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Former BC premier implicated in accident

HALFMOON BAY, BC (Canadian OH&S News)


HALFMOON BAY, BC (Canadian OH&S News)

The former premier of British Columbia has been named the prime contractor in a WorkSafeBC investigation report into a workplace fatality at his summer vacation home last year.

On July 4, four workers from Sechelt, BC-based Weather Tight Supplies Ltd were replacing the roof of the Halfmoon Bay home, owned by Gordon Campbell, who served as premier from 2001 to 2011. Shortly after 12:30 pm, after removing a skylight and covering the approximately one square metre opening in the flat roof with a sheet of polyethylene, a worker stepped backwards and fell through the temporary covering. He fell over five metres to the floor below (COHSN, July 18, 2011).

The worker sustained unspecified injuries and was taken to hospital, but died the next day. The worker had been wearing fall protection, but was not tied off to an anchor point, the investigation report says.

In lieu of any written agreement between the homeowner and another party, Campbell became the prime contractor for the project, the report says. Though his wife is the owner of the home, Campbell is considered an owner under the Workers Compensation Act (WCA) because he was acting as his wife’s agent for the renovation.

As such, the report states Campbell should have ensured workers’ activities relating to health and safety were co-ordinated and in compliance with the WCA. As well, a risk assessment should have been done, which would include a written fall protection plan.

“The homeowner was not aware he was the prime contractor at the workplace or what those responsibilities involved. The homeowner did not meet the responsibilities the prime contractor has to adequately co-ordinate health and safety activities at this workplace or to establish and maintain a system to ensure compliance with the [WCA] and [Occupational Health and Safety] Regulation,” the report states. “There was no discussion of health and safety with subcontractors or of how the activities of one trade would affect another.”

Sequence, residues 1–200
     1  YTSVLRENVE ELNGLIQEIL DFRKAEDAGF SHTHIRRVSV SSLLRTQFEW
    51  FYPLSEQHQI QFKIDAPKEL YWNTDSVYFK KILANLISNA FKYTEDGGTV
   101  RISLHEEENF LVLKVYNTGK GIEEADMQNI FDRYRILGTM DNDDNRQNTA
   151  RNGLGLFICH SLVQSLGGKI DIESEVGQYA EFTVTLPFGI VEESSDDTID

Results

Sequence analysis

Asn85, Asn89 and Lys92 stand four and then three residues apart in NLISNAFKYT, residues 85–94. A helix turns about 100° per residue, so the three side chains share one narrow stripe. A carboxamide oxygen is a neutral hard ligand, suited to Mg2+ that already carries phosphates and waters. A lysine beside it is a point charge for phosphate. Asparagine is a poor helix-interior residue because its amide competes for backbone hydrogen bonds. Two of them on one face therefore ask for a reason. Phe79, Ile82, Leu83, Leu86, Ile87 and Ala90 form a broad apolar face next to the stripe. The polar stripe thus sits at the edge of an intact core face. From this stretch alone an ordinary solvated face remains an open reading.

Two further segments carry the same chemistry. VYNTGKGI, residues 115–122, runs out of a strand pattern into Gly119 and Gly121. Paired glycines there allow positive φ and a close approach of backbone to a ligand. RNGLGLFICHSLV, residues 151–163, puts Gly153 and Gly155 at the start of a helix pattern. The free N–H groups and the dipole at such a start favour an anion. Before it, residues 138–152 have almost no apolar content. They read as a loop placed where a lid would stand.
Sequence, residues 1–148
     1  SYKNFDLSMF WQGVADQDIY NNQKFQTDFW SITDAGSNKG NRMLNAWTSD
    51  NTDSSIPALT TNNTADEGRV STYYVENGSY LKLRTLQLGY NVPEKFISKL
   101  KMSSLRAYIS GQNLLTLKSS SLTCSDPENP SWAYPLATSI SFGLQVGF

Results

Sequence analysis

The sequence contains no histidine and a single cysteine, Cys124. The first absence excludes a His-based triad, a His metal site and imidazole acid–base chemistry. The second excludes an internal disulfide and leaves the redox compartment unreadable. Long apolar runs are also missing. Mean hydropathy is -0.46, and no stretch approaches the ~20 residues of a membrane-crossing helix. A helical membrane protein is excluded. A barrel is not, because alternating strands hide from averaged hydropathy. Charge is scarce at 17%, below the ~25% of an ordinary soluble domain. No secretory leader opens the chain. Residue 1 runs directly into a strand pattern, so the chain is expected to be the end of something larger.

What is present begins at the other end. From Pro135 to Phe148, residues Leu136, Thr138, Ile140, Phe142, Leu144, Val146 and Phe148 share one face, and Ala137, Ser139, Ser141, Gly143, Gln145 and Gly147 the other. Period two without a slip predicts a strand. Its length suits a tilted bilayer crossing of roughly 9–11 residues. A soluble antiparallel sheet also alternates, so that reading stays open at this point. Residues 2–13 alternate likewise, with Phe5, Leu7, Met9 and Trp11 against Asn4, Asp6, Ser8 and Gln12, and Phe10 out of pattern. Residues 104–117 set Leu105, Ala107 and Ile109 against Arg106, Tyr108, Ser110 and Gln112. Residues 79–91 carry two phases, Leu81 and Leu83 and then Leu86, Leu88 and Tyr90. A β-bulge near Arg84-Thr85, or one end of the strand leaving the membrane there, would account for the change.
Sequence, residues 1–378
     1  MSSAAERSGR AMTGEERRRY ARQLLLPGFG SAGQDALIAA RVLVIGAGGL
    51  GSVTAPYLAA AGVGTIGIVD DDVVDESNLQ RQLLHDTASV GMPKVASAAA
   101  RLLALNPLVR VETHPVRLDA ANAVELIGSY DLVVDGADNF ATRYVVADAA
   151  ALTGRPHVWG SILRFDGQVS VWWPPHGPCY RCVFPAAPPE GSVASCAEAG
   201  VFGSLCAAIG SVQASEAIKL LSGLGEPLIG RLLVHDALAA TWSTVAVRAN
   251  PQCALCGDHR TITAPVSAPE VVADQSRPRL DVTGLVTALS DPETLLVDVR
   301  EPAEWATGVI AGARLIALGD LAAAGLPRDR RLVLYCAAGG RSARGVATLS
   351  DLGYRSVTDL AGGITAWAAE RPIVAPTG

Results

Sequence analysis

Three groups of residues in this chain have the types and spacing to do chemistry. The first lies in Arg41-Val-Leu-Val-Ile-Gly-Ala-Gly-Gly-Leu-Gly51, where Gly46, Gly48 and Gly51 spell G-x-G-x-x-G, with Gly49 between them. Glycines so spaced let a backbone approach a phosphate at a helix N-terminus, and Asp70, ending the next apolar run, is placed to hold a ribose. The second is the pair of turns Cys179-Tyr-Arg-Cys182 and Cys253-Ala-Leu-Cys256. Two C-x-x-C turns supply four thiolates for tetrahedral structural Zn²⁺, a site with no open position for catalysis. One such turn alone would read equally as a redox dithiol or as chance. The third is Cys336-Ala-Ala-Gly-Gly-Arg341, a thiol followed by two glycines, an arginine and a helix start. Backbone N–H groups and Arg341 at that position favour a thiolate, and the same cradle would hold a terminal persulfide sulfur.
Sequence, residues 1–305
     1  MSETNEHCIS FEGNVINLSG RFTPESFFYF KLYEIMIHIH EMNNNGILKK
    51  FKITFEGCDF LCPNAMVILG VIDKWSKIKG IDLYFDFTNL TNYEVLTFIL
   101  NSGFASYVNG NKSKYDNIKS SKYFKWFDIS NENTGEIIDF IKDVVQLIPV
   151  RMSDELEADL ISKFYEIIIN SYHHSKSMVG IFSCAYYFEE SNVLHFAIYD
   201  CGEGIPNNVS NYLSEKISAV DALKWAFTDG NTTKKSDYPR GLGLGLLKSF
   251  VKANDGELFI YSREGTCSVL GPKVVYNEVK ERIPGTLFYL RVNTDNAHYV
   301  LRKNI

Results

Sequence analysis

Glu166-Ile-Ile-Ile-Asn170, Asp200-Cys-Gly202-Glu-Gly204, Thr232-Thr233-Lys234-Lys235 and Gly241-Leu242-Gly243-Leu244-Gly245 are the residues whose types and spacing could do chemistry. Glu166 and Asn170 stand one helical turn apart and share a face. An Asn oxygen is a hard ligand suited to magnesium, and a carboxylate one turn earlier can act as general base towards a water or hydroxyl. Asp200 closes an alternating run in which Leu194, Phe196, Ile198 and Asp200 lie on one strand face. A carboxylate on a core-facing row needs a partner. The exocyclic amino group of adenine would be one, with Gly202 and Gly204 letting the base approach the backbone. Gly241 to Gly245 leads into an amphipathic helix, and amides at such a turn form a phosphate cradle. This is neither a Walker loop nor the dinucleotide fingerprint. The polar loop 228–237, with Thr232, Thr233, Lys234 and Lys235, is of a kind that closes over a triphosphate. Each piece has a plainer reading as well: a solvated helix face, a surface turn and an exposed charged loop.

The report concludes that the unguarded roof opening, unused fall protection, the employer’s failure to establish safe work procedures around roof openings and inadequate supervision and enforcement, as well as a lack of co-ordination of health and safety activities, all contributed to the fatal incident.


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5 Comments » for Former BC premier implicated in accident
  1. Richard Burton says:

    Interesting! I presume Mr. Campbell was charged but that is not explicitly clear to me. Could have wider implications for other provinces’ home owners and contractual due diligence. If OHS Canada could follow this case closely and provide periodic updates as it proceeds through the legal or quasi-legal processes would help keep us informed.

  2. Paul E. Marquis says:

    This ruling sends a clear message to homeowners and developers alike. Do your due diligence. The cost of ensuring that the proper coordination of Safety and Loss Prevention is far less that the cost of a fatality, or even an injury to an unknown worker. We need to take responsibility and stop thinking that we have no control over the lowly worker doing the work to our property.

    Too many homeowners employ the lowest bidder an, falsely, believe that they have no responsibility for these contractors and their worker. Accountability, responsibility… Harsh words? We think not. We must all take responsibility for our premises and the people who are part of our lives, our work, our prosperity.

    Paul E. Marquis

  3. Bill Barrick says:

    Paul E. Marquis says this sends a clear message to homeowners and developers. I fail to see where any message has been sent to anyone but safety professionals who should already know this stuff. Homeowners and the small contractors do not get this information. This particular homeowner worked in the area of legislation for years and was apparently not aware. Paul also says “we” need to take responsibility. I can only assume he means homeowners, who will not be getting this message so will also not be aware. As safety professionals trying to help safety on the job we are the ones needing to take responsibility so I suppose maybe that is what he means. So we need to provide the message to homeowners and small (i.e. one to five people) contractors. Any ideas for how to do that? Maybe at the permitting stage written information needs to be provided to the owners, as they are the ones ultimately responsible. I think by mail is necessary as it may not be the homeowner, but the contractor who gets the permit.

  4. J. Bott says:

    The concept of “prime contactor” works fine in an industrial environment where we have safety professionals who know and understand the act. It is ridiculous to expect a residential owner (say your grandmother) to understand the OH&S act or take on the responsibilities of the prime contactor. In a residential environment, the sub contactor working for the residential owner should accept the responsibilities of being the prime contactor. However, I would say that most sub contactors that work residential don’t even have an idea of the concept or requirments of a prime contactor.

  5. Robert W. Landry says:

    Ontario law is quiet explicit and known to health and safety practitioners in the construction industry. No doubt homeowners ignorant of the law would be shocked to find themselves in a similar situation to the former BC Premier and family.

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